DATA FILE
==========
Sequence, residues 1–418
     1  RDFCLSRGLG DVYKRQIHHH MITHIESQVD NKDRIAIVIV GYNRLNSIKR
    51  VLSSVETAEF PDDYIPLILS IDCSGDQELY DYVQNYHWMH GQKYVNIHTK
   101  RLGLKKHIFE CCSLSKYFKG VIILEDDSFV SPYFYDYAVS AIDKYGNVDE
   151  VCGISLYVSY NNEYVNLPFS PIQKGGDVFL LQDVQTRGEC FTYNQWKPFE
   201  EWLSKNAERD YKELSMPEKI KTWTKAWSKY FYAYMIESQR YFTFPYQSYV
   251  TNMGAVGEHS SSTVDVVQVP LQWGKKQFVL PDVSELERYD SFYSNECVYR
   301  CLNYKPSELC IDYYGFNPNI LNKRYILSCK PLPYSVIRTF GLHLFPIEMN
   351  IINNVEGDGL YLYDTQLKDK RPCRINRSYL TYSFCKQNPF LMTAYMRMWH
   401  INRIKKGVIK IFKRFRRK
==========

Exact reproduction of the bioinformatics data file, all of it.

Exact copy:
Sequence, residues 1–418
     1  RDFCLSRGLG DVYKRQIHHH MITHIESQVD NKDRIAIVIV GYNRLNSIKR
    51  VLSSVETAEF PDDYIPLILS IDCSGDQELY DYVQNYHWMH GQKYVNIHTK
   101  RLGLKKHIFE CCSLSKYFKG VIILEDDSFV SPYFYDYAVS AIDKYGNVDE
   151  VCGISLYVSY NNEYVNLPFS PIQKGGDVFL LQDVQTRGEC FTYNQWKPFE
   201  EWLSKNAERD YKELSMPEKI KTWTKAWSKY FYAYMIESQR YFTFPYQSYV
   251  TNMGAVGEHS SSTVDVVQVP LQWGKKQFVL PDVSELERYD SFYSNECVYR
   301  CLNYKPSELC IDYYGFNPNI LNKRYILSCK PLPYSVIRTF GLHLFPIEMN
   351  IINNVEGDGL YLYDTQLKDK RPCRINRSYL TYSFCKQNPF LMTAYMRMWH
   401  INRIKKGVIK IFKRFRRK